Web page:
That was a little more long-winded than I like to be but I hope you understand the decision. There is one postscript point I’d like to make. Current Pappy and LE bourbon prices make people think they need to spend hundreds or thousands of dollars to taste great bourbon. I know that the Van Winkles and Buffalo Trace would agree with me saying: “That couldn’t be farther from the truth!” Buffalo Trace makes some of the best bourbon on the market today. Most Buffalo Trace brands remain hard to find. But, a regular bottle of Buffalo Trace still beats out most $100 bottles on the market. Here is my list of what I think people should be drinking. I’m not calling these Pappy replacements. These are just great, affordable bourbons.
George T Stagg Review:
Age: 15-Years 3-Months
Review: Initially, there are notes of honey, maple, and other sweet notes. The fruit notes are more like a melon or honeydew. I get a little bit of cinnamon and peach tea on the finish.
Conclusion: I enjoyed the fact that this release is a little lower proof. I believe it allowed some other flavors to shine. Overall, it’s not cracking my top 4 of GTS release. It’s a good release but nothing to go crazy over.
William Larue Weller Review:
Proof: 128 proof
Age: 12-Years 6-Months
Review: The nose is drier than most WLW releases. There are notes of spearmint and cocoa powder. I pick up some faint notes of black pepper and bruleed cherries. The taste is more of the same. It stays consistently dry throughout. The palate expands to golden raisins and cedar. The finish is a little short. It’s heavy with espresso bitterness, pepper, and oak. After a few drops of water, the fruit notes begin to shine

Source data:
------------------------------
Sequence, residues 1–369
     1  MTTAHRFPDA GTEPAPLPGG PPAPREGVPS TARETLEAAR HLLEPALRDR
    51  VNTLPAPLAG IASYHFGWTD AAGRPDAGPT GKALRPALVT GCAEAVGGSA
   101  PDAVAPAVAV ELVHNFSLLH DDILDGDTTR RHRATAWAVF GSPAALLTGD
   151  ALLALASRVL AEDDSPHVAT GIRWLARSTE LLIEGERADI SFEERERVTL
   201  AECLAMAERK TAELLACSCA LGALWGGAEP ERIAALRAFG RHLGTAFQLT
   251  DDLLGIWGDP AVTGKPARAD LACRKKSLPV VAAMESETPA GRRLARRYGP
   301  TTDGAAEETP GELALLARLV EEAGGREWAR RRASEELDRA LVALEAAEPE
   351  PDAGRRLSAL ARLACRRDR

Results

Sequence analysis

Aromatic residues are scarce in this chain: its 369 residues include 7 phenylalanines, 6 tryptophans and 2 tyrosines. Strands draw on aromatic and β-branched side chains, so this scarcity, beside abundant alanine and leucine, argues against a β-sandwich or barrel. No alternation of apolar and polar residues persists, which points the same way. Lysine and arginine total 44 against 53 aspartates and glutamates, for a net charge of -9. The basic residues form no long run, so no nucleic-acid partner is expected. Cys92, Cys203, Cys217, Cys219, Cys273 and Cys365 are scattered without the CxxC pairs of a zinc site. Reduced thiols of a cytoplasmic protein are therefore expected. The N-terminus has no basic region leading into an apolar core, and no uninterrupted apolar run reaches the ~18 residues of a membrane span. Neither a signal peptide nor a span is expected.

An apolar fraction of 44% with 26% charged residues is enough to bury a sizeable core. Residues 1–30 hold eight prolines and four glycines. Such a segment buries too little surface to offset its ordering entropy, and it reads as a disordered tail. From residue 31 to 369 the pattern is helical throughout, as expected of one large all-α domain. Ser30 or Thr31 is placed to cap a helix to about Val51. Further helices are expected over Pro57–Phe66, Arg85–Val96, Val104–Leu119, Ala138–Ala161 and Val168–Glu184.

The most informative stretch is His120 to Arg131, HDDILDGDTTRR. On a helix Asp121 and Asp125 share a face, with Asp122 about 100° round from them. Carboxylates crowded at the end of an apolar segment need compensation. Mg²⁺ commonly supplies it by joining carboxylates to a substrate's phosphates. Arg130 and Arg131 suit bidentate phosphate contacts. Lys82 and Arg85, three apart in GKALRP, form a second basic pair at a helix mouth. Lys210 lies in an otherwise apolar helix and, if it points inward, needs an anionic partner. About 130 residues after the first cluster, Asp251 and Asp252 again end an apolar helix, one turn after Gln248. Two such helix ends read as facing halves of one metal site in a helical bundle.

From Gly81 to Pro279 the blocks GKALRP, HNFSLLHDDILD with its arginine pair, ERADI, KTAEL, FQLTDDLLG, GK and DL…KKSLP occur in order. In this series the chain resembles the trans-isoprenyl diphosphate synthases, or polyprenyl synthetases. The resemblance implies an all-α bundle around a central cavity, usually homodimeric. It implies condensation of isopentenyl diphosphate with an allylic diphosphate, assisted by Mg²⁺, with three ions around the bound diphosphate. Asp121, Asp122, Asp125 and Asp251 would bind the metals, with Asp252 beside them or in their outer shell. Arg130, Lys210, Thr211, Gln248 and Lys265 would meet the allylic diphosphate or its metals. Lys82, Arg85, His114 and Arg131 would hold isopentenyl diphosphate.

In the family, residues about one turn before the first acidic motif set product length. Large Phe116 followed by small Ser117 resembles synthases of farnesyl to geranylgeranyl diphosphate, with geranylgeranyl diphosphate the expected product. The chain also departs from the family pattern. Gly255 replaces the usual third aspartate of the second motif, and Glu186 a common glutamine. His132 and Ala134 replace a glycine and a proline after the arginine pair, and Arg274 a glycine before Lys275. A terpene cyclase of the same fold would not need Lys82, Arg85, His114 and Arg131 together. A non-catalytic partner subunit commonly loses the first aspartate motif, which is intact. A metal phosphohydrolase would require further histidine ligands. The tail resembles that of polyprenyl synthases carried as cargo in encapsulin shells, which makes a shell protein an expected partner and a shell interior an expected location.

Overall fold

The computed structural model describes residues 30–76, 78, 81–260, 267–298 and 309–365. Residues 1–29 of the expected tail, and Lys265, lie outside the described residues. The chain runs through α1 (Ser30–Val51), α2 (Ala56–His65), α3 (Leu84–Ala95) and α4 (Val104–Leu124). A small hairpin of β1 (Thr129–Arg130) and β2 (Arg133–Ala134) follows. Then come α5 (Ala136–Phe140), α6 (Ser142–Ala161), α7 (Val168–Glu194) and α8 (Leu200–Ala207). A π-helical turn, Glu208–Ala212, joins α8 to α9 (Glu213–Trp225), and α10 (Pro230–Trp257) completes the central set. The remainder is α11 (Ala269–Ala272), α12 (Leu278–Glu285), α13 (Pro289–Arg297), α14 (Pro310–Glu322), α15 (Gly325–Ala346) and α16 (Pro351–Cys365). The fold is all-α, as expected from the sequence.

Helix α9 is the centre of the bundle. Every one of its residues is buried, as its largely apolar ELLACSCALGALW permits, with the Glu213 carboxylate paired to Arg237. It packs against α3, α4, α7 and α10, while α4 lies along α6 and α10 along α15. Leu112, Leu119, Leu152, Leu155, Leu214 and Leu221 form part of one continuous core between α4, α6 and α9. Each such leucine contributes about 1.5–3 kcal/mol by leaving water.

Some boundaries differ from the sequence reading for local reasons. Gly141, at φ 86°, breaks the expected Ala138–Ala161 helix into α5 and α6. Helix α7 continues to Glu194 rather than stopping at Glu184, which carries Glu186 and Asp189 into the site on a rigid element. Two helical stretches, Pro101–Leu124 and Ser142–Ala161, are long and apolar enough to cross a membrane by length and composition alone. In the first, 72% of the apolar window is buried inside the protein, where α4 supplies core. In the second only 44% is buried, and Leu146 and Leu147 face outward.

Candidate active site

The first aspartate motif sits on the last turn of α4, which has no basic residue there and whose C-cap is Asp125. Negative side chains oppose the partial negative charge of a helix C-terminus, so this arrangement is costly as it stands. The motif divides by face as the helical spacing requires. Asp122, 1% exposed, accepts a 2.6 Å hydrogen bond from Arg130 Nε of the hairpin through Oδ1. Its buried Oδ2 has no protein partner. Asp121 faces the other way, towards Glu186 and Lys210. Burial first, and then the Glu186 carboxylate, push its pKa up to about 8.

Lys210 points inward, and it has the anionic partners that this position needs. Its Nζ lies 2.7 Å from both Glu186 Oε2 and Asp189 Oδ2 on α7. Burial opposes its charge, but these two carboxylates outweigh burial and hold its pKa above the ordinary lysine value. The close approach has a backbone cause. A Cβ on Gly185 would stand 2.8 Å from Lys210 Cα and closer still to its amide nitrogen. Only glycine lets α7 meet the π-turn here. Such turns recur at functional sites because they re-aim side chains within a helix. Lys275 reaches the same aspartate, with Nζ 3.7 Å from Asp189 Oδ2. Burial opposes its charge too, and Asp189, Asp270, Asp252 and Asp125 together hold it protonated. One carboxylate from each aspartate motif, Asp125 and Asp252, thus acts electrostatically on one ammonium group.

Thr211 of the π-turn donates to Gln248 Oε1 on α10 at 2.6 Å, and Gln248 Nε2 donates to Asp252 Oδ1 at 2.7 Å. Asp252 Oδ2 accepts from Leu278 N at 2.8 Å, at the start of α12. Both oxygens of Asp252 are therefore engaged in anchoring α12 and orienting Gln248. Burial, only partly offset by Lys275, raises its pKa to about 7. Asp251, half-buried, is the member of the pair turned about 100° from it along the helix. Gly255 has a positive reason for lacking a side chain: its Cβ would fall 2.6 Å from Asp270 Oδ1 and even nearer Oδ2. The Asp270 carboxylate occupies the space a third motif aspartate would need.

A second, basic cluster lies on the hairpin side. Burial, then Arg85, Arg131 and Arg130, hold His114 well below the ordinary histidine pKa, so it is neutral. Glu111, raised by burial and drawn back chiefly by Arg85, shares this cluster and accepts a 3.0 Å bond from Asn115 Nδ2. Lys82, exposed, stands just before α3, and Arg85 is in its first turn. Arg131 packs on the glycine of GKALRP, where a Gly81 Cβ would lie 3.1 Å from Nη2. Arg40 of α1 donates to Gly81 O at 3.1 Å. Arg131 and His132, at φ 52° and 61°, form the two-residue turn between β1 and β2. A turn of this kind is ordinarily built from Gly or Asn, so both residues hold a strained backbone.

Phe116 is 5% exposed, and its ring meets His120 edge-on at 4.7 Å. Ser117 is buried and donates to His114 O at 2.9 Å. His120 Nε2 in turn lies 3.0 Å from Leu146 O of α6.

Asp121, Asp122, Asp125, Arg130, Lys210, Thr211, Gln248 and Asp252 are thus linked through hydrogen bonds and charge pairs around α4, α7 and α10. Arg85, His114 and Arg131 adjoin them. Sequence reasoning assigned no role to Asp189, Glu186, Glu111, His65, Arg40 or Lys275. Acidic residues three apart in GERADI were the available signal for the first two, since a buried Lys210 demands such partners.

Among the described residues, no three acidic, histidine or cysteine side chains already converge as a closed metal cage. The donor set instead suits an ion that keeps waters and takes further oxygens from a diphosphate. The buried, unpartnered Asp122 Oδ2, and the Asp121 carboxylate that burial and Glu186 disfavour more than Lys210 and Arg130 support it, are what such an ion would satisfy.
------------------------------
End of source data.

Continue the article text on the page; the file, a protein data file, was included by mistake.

Conclusion: This was not my favorite this year. It was a little too dry for my preference. There were some of the traditional WLW notes but none of the balanced sweetness and dark fruits I love.
Overall BTAC Ranking:
1 – Eagle Rare 17
2 – George T Stagg
3 – Thomas H Handy
4 – William Larue Weller
5 – Sazerac 18
Bourbon season is upon us! This is the 7th annual Bourbonr Buffalo Trace Antique Collection Release Map! If you’re unfamiliar with the map, here’s how it works. I highlight each state when the antique collection is released in that state. Remember, distribution can be tricky. Because it was released in part of the state doesn’t mean you’ve missed out. The release map is another tool to help in your BTAC hunt.
For more info and to find other bourbon hunters join the Bourbonr Facebook group. I try to add the city which was reported if you hover over each state. If you’re new to bourbon hunting read this: “How to Hunt Bourbon” This is a community-driven map. If you find a bottle please shoot me an email at Blake @ Bourbonr.com. Make sure to include your state as well as a picture of the bottle. I welcome any tips about state releases as well (bonus points for information about Florida 🙂 )!
Considerations of the BTAC release map:
I have a lot of other thoughts on this. But, I’m saving them for a later post. For now, I will agree to disagree with Buffalo Trace’s tactics to combat fakes and counterfeits. Which is the goal of every Bourbon enthusiast out there.
Van Winkle Bourbon Annual Release Coming Soon
This is the favorite time of the year for bourbon fans, the annual release of the Van Winkle Bourbons. Like previous years, yields from the barrels are low due to evaporation during the long aging cycle.
Known for their smoother and sweeter flavor due to the wheat recipe versus the traditional rye recipe found in most bourbons, Van Winkle bourbons are aged years longer than most others and have garnered an impeccable reputation among connoisseurs. Although bourbon has become increasingly popular worldwide in recent years, very little Van Winkle is sold overseas, so that these coveted bottles are available in the United States.